US criticized for doing too little to save North Atlantic right whales

Only head of whale is seen above water with a green rope
A North Atlantic right whale with a green fishing line deeply embedded in his upper jaw, source: Reuters/Marguerita Choy

Conservation groups criticized the commercial fishing restrictions plans from the US government for not being strong enough to save the critically endangered North Atlantic right whale.

There are only an estimated 360 North Atlantic right whales remaining in the world. Collisions with vessels and entanglement in fishing gear used to catch crab and fish are the two leading causes of injury and death for North Atlantic right whales.

Once, there were 21,000 North Atlantic right whales, but they were hunted close to extinction in the early 20th century, with only around 100 remaining by the 1920s.

Whaling North Atlantic right whales was banned in 1935, leading their numbers to bounce back to as many as 483, but the progress has since been reversed with only 360 remaining. An estimated twenty are killed each year in US and Canadian waters.

Weak ropes
President Joe Biden’s administration announced on Tuesday that under the new rules, lobster and crab fishers need to attach more traps to a rope line, so fewer rope lines are in the water.

The rope lines, attached to buoys, will also have to be weakened so that whales that become entangled are more likely to break free.

According to National Oceanic and Atmospheric Administration ((NOAA) official Michael Pentony, the new measures will allow fisheries to “continue to thrive, while significantly reducing the risk to critically endangered right whales.”

But Gib Brogan, a senior campaign manager at the ocean conservation organization Oceana, told AFP that the use of weak ropes was a “largely theoretical strategy” that hasn’t been tested enough to know for sure if it will work.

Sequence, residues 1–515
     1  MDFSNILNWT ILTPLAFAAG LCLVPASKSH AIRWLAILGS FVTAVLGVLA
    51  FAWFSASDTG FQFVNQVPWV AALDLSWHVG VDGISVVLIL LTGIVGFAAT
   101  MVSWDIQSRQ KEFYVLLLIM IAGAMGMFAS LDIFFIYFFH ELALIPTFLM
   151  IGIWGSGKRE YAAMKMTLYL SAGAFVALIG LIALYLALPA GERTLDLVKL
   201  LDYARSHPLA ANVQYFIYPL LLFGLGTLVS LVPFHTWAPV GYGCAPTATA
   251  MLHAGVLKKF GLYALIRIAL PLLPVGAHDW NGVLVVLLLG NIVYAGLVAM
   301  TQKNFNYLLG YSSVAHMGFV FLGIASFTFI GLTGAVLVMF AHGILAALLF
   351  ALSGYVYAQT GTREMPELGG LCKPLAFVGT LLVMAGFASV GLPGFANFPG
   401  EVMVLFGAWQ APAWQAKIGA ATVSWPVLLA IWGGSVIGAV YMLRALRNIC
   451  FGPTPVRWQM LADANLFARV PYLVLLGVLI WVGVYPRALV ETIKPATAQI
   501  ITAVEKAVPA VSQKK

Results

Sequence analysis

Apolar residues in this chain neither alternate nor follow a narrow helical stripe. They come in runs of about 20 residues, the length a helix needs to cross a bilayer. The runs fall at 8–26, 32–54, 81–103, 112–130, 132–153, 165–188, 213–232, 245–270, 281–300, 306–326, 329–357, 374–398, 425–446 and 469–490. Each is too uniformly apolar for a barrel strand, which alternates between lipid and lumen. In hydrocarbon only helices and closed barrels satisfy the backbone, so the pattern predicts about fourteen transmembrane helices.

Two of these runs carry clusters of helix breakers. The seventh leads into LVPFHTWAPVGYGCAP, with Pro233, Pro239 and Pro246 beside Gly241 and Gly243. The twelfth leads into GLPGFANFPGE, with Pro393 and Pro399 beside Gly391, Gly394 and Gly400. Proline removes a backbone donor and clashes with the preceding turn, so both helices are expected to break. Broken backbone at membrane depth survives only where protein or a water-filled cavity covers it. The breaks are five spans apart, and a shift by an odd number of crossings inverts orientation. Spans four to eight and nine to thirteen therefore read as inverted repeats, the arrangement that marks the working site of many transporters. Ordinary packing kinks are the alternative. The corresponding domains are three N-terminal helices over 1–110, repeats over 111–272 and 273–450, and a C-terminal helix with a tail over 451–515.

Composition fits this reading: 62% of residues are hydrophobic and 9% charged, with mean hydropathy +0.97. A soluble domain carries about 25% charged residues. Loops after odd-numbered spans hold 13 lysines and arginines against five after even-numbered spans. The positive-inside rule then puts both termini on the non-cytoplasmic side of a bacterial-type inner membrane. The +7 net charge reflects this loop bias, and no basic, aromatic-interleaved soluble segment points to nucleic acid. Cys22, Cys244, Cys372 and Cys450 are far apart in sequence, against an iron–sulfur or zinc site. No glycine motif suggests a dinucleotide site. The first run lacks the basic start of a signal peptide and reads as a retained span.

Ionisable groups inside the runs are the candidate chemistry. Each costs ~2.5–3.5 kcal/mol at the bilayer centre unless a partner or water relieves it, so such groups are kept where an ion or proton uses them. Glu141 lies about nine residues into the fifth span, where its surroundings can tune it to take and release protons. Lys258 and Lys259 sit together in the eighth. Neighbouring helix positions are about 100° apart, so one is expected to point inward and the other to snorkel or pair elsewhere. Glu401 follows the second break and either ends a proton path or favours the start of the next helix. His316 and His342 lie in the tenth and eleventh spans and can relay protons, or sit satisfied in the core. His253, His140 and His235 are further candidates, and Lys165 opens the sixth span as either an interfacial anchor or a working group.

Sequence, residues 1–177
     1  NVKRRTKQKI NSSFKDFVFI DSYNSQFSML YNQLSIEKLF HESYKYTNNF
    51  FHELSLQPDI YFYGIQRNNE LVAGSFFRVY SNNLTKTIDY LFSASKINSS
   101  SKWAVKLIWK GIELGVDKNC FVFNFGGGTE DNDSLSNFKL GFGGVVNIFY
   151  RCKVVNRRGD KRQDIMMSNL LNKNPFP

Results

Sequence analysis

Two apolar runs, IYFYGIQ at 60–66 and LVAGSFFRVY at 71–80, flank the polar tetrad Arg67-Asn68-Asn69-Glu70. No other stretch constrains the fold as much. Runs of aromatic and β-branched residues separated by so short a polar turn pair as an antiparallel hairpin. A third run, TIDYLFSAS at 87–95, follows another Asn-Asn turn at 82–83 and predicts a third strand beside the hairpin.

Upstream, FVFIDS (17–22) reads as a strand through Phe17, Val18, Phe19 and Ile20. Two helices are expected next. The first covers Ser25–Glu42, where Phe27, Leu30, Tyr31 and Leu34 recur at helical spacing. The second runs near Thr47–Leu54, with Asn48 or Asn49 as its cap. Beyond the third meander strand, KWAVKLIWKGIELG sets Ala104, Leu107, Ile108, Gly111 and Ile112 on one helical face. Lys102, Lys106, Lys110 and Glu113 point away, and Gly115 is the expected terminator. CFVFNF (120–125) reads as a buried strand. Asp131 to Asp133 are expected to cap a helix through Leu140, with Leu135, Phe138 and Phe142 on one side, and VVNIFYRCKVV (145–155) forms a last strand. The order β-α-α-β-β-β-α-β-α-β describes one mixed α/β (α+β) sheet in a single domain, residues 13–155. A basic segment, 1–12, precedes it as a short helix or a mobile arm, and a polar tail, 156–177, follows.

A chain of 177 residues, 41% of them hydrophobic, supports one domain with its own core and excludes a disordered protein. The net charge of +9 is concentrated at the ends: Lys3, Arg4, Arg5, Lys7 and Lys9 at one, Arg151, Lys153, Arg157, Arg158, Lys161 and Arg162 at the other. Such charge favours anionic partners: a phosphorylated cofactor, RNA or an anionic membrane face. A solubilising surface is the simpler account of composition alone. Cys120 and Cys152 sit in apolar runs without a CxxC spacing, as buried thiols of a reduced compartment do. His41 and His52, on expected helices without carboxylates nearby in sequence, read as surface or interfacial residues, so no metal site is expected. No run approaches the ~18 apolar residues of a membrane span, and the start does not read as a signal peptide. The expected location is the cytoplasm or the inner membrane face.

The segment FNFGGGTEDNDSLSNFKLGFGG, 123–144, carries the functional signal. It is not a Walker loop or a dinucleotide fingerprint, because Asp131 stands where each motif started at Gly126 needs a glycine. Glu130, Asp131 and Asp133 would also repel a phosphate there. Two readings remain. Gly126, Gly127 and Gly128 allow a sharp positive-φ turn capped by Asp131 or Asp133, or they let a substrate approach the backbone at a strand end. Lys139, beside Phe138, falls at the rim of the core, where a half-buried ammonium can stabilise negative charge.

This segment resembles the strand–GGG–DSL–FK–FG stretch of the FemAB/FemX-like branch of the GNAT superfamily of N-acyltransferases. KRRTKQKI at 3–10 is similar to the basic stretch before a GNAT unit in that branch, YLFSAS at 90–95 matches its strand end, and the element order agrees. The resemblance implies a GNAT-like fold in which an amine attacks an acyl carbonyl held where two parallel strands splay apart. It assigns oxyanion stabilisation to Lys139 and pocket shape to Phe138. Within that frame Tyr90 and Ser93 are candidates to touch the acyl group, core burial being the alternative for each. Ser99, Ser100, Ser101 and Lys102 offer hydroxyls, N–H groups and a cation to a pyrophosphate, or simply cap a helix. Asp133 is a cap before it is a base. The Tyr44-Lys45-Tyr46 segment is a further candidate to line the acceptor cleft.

“Even if everything works as designed, it still puts stress on an endangered species and stress from all varieties has been shown to reduce the size of right whales and decrease their reproduction,” Brogan told AFP.

Oceana had suggested following Canada’s example by having longer seasonal restrictions covering a greater area and no fishing in areas whereNorth Atlantic right whales are spotted.

Cottontail died
According to Oceana, about a quarter of North Atlantic right whales are entangled each year, and about 83% of all North Atlantic right whales have been entangled at least once in their life.

The ropes can be seen wrapped around their mouths, fins, tails and bodies. At times the lines cut into their flesh, causing life-threatening infections, or even severing fins and tails and cutting into the bone.

In March of this year, the 11-year-old male North Atlantic right whale named Cottontail died off the coast of South Carolina after being entangled in fishing gear for months.

Brogan said Oceana was particularly disappointed that the government had followed measures first proposed by the administration of former President Donald Trump, which more than 200,000 people had opposed during public comments.

The regulations were developed by the “Atlantic Large Whale Take Reduction” group, with most members coming from the fishing industry.

“We can’t save this rapidly declining whale population from extinction with half-measures like this,” Kristen Monsell, oceans legal director at the Center for Biological Diversity, said in a statement.

“This plan is better than nothing and a step in the right direction. But we’ve already waited far too long to protect North Atlantic right whales from deadly entanglements,” she added.

“It’s time to get all vertical fishing lines out of important right whale habitat immediately and convert to on-demand ropeless fishing gear.”

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